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Ich Bin Auch ein Lemming: Herding and Consumption Capital in Arts and Culture

Author

Listed:
  • Dominic Rohner
  • Anna Winestein
  • Bruno S. Frey

Abstract

Trends in arts and culture tend to be longer-lasting and less fragile than in other fields such as clothing design. Most herding models are not able to explain such stability, instead predicting informational cascades to be fragile and fads to be frequent. The present contribution is able to explain the hysterisis of trends in arts by incorporating the accumulation of consumption capital into a herding model. Further, the model is tested empirically by analyzing measures of relative and absolute concentration in the television business. It is concluded that by being exposed to art and culture people accumulate consumption capital for a particular style or artist and that this mechanism tends to make herding in arts stable over time.

Suggested Citation

  • Dominic Rohner & Anna Winestein & Bruno S. Frey, 2006. "Ich Bin Auch ein Lemming: Herding and Consumption Capital in Arts and Culture," IEW - Working Papers 270, Institute for Empirical Research in Economics - University of Zurich.
  • Handle: RePEc:zur:iewwpx:270
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    References listed on IDEAS

    as
    1. Dick Stanley & Judy Rogers & Sandra Smeltzer & Luc Perron, 2000. "Win, Place or Show: Gauging the Economic Success of the Renoir and Barnes Art Exhibits," Journal of Cultural Economics, Springer;The Association for Cultural Economics International, vol. 24(3), pages 243-255, August.
    2. Marco Ottaviani & Giuseppe Moscarini & Lones Smith, 1998. "Social learning in a changing world," Economic Theory, Springer;Society for the Advancement of Economic Theory (SAET), vol. 11(3), pages 657-665.
    3. Martin Feldstein, 1991. "The Economics of Art Museums," NBER Books, National Bureau of Economic Research, Inc, number feld91-1, April.
    4. Xavier Vives, 1993. "How Fast do Rational Agents Learn?," Review of Economic Studies, Oxford University Press, vol. 60(2), pages 329-347.
    5. Martin Feldstein, 1991. "Introduction to "The Economics of Art Museums"," NBER Chapters,in: The Economics of Art Museums, pages 1-12 National Bureau of Economic Research, Inc.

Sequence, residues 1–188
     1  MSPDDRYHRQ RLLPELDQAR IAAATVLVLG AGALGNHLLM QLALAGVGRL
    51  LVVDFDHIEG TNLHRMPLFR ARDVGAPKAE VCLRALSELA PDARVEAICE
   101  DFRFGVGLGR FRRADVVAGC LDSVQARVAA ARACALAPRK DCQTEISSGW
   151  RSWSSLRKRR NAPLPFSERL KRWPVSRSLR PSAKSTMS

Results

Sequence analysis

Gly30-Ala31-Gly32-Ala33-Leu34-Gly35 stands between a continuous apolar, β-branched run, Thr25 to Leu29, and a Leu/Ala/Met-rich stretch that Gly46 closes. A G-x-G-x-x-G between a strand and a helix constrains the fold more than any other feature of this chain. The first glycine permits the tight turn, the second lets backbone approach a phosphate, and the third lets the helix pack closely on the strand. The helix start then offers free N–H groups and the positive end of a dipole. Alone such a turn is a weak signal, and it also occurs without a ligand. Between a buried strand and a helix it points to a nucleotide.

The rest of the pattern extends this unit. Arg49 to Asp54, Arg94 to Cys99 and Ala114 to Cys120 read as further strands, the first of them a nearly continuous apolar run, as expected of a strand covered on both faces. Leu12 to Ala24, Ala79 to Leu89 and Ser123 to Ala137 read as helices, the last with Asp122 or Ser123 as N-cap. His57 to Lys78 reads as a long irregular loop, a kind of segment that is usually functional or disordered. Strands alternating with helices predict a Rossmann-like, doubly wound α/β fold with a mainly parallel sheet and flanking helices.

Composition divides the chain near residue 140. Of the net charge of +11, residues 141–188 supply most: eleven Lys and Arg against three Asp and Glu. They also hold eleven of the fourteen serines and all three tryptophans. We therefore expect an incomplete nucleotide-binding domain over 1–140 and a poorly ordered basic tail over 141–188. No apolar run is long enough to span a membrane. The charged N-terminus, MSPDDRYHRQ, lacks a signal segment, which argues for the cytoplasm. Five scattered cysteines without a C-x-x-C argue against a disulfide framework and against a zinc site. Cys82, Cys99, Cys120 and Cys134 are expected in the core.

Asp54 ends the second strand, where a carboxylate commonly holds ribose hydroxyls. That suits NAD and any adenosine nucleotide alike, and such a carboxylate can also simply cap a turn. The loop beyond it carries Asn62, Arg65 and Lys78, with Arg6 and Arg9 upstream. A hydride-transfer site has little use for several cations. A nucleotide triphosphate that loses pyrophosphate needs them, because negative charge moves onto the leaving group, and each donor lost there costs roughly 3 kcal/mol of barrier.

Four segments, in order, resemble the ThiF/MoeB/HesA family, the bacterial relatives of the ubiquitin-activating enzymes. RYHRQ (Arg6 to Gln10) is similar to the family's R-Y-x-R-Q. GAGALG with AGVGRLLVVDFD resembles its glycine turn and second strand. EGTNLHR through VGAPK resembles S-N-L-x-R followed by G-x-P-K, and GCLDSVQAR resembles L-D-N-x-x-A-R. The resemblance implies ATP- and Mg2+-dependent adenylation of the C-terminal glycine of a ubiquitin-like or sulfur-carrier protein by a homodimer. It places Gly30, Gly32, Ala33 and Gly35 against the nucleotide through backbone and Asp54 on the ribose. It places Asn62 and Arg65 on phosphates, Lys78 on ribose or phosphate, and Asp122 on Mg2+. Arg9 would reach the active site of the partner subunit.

6. Bikhchandani, Sushil & Hirshleifer, David & Welch, Ivo, 1992. "A Theory of Fads, Fashion, Custom, and Cultural Change in Informational Cascades," Journal of Political Economy, University of Chicago Press, vol. 100(5), pages 992-1026, October.
    7. Anderson, Lisa R & Holt, Charles A, 1997. "Information Cascades in the Laboratory," American Economic Review, American Economic Association, vol. 87(5), pages 847-862, December.
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    13. Stigler, George J & Becker, Gary S, 1977. "De Gustibus Non Est Disputandum," American Economic Review, American Economic Association, vol. 67(2), pages 76-90, March.
    14. Kennedy, Robert E, 2002. "Strategy Fads and Competitive Convergence: An Empirical Test for Herd Behavior in Prime-Time Television Programming," Journal of Industrial Economics, Wiley Blackwell, vol. 50(1), pages 57-84, March.
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    As found by EconAcademics.org, the blog aggregator for Economics research:
    1. Brown misses the point on celebrity
      by chris dillow in Stumbling and Mumbling on 2007-04-16 18:26:16

    More about this item

    Keywords

    Art; Culture; Herding; Consumption Capital; Concentration;

    JEL classification:

    • C11 - Mathematical and Quantitative Methods - - Econometric and Statistical Methods and Methodology: General - - - Bayesian Analysis: General
    • D82 - Microeconomics - - Information, Knowledge, and Uncertainty - - - Asymmetric and Private Information; Mechanism Design
    • D83 - Microeconomics - - Information, Knowledge, and Uncertainty - - - Search; Learning; Information and Knowledge; Communication; Belief; Unawareness
    • Z11 - Other Special Topics - - Cultural Economics - - - Economics of the Arts and Literature

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